How I Chose My Baby's Name
I dreamed about baby names for my first child long before he ever arrived. When the day came and my husband and I found out that yes, I was indeed pregnant, suddenly it was time to make those dreams a reality. The truth is, for all the names you might have floating around in your head, when it comes time to choose THE name, it can be a lot harder than you think. But it's not all doom and gloom; it's important to remember that choosing a name you'll be calling your child for the rest of your life is actually a joyous privilege and not a burdensome necessity.
As parents-to-be after infertility, my husband and I were initially superstitious about beginning the baby name game. We knew all too well the risks associated with early pregnancy after IVF so we waited until we passed the first trimester hump to allow ourselves to begin tossing around names. But Swistle is right: There really is no art to starting the conversation; just jump right in. Our impending gender reveal ultrasound became the impetus for picking out both a boy's and girl's name to have on hand.
Unique But Not Weird
Picking a boy's name was a breeze; we picked out his first name, Judah, in about ten minutes while tossing around names one day in the car. Picking out a girl's name? Not so much. We slaved over girls' names for a solid two weeks only settling on a final name just days before our gender scan. One of the biggest challenges we faced was avoiding names that began with the letter "E." Given our last name, my husband was adamant that the girl's name could not have the letters "EZ" as her initials. For me, this was maddening because all of the girls' names I fell in love with seemed to always start with the letter "E." Thankfully, the debate quickly ended once we learned we were having a boy.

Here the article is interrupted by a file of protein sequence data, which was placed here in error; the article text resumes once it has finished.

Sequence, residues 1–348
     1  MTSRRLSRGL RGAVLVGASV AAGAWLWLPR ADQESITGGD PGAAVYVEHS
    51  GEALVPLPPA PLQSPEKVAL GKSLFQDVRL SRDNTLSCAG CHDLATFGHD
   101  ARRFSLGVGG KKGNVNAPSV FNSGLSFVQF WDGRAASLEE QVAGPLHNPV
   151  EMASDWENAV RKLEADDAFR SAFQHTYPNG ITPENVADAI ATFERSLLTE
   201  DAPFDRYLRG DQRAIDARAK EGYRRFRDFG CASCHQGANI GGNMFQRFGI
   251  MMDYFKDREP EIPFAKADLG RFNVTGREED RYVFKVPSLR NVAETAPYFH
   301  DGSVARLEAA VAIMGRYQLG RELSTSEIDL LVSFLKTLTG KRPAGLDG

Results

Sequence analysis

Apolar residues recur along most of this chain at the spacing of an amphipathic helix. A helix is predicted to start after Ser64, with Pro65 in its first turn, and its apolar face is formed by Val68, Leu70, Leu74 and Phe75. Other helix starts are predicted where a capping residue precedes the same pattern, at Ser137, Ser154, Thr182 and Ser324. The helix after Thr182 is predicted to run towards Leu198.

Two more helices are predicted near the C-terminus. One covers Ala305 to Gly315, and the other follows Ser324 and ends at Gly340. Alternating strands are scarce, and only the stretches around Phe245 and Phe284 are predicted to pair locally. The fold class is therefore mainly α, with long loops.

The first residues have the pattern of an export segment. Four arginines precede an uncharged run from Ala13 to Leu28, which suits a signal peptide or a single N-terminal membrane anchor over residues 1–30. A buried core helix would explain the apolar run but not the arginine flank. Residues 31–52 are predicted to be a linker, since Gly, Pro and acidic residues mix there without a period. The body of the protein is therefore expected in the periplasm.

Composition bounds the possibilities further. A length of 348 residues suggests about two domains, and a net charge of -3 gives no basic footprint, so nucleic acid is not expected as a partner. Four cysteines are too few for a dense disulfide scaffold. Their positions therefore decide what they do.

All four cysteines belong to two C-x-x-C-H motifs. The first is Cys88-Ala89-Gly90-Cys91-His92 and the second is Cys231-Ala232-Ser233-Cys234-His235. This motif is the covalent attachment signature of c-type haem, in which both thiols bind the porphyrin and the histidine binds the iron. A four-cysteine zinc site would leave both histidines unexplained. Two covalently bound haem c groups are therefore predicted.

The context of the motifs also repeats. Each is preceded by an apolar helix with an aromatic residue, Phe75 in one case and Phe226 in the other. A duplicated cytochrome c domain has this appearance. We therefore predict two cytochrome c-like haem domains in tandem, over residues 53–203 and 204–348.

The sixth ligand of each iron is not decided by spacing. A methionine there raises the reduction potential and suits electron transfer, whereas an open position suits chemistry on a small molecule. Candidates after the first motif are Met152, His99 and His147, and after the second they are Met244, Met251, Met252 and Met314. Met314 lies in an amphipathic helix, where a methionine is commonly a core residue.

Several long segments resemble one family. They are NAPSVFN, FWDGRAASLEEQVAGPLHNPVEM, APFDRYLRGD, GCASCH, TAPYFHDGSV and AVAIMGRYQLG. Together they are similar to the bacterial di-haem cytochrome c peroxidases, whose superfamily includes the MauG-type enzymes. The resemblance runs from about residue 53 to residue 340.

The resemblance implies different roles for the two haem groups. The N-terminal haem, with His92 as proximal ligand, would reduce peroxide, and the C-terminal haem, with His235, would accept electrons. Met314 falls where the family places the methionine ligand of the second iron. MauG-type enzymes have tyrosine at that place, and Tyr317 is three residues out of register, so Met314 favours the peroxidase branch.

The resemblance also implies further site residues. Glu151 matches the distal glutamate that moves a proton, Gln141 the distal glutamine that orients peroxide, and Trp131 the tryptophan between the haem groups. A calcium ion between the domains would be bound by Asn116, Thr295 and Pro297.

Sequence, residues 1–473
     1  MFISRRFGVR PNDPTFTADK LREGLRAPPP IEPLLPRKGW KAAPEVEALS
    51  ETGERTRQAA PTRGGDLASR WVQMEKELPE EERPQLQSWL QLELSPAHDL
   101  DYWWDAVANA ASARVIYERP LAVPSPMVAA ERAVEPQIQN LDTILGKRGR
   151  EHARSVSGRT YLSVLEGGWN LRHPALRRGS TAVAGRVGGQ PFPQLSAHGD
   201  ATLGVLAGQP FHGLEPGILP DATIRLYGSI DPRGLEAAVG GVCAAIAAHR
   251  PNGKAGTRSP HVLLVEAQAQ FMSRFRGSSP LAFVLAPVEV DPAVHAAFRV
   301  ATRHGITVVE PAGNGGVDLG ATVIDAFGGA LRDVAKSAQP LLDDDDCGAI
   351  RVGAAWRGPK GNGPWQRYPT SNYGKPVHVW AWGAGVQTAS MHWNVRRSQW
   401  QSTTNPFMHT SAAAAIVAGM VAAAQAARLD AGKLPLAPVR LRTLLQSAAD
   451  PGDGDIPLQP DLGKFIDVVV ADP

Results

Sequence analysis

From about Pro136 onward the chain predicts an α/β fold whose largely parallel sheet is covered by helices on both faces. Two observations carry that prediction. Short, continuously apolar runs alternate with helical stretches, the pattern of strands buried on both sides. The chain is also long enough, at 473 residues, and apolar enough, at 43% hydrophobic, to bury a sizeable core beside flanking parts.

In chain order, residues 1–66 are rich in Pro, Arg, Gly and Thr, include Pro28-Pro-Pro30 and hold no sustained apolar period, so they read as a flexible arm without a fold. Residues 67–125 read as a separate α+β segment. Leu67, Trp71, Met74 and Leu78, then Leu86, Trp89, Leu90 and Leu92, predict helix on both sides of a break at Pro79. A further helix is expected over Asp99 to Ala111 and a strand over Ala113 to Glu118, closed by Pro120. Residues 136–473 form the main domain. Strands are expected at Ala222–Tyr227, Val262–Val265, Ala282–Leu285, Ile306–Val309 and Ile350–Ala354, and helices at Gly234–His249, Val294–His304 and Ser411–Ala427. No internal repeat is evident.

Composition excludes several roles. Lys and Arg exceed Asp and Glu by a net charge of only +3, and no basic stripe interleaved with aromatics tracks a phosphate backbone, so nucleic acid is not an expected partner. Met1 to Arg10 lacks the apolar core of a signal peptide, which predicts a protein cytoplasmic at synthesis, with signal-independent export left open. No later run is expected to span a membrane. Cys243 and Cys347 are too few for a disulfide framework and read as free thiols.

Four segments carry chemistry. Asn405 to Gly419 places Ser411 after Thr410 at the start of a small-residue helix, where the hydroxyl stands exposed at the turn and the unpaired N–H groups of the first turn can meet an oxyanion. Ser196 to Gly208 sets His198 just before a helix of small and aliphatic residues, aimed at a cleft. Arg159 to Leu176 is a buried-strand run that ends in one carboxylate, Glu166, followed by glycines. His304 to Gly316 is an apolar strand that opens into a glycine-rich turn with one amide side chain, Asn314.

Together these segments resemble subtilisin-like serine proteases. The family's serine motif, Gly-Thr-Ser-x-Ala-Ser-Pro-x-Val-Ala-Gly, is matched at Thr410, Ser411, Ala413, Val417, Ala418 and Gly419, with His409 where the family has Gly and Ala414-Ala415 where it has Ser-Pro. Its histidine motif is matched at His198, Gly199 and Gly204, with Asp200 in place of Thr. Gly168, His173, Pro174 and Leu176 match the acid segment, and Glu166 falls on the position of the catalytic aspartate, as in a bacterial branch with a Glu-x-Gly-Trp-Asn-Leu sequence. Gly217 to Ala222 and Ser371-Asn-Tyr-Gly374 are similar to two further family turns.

It's An Honor
I liked Swistle's advice on using the name to honor someone. We wanted to honor the memory of my husband's grandparents, both of whom had passed. We decided to use Hebrew versions of their given names to serve as our child's Hebrew name, so Bette and Joseph (or Nan and Pop as they were known) became Elisheva and Yosef. It was important to my husband and I to incorporate our love for Nan and Pop in the legacy of our child's name and story.
The Wonderful Middle
I love that Swistle pointed out not to forget the middle name. My sister and I are both half-Japanese. When we were born, our parents started a tradition where we had an Anglo first name and a Japanese middle name. Depending on just how Asian we looked determined which name we would be called by on a daily basis; since both my sister and I came out looking very Japanese, we were called by our middle names. Over time, my sister preferred to be called by her first name, Jasmine; my immediate family still calls her by her middle name. I, on the other hand, have always gone by my middle name since birth.
My husband loved this naming tradition, and we decided even before we started trying to get pregnant that any child of ours would have an Anglo first name and a Japanese middle name. Since our son was conceived via donor egg IVF, he may not be genetically Japanese, but we are committed to sharing my Japanese heritage as part of his cultural identity. Judah's middle name -- Takeshi -- is an ancient Japanese word that means "fierce warrior."
Everything Will Be Fine
When I looked at the meanings of each of my son's names: Judah (praised), Takeshi (fierce warrior), and even Yosef ("He will add"), I thought his name didn't really make any sense. I'm big into meanings and connectedness, and I felt that while each name had unique significance, they weren't terribly connected. I couldn't be more wrong.
Our son was born five weeks premature. As he fought a scary battle with a severe infection just days after he was born, we praised him for every hour he progressed toward another milestone. Our little boy was born to be a fighter, a fierce warrior indeed. Now, on the day we bring him home, we know that "he will add" -- our son Judah has added to our lives in such a profound, humbling way: Our family of two has transformed into this new and wonderful family of three.
What was it like naming your child? What tips and advice would you give to anyone beginning the baby name game of their own?
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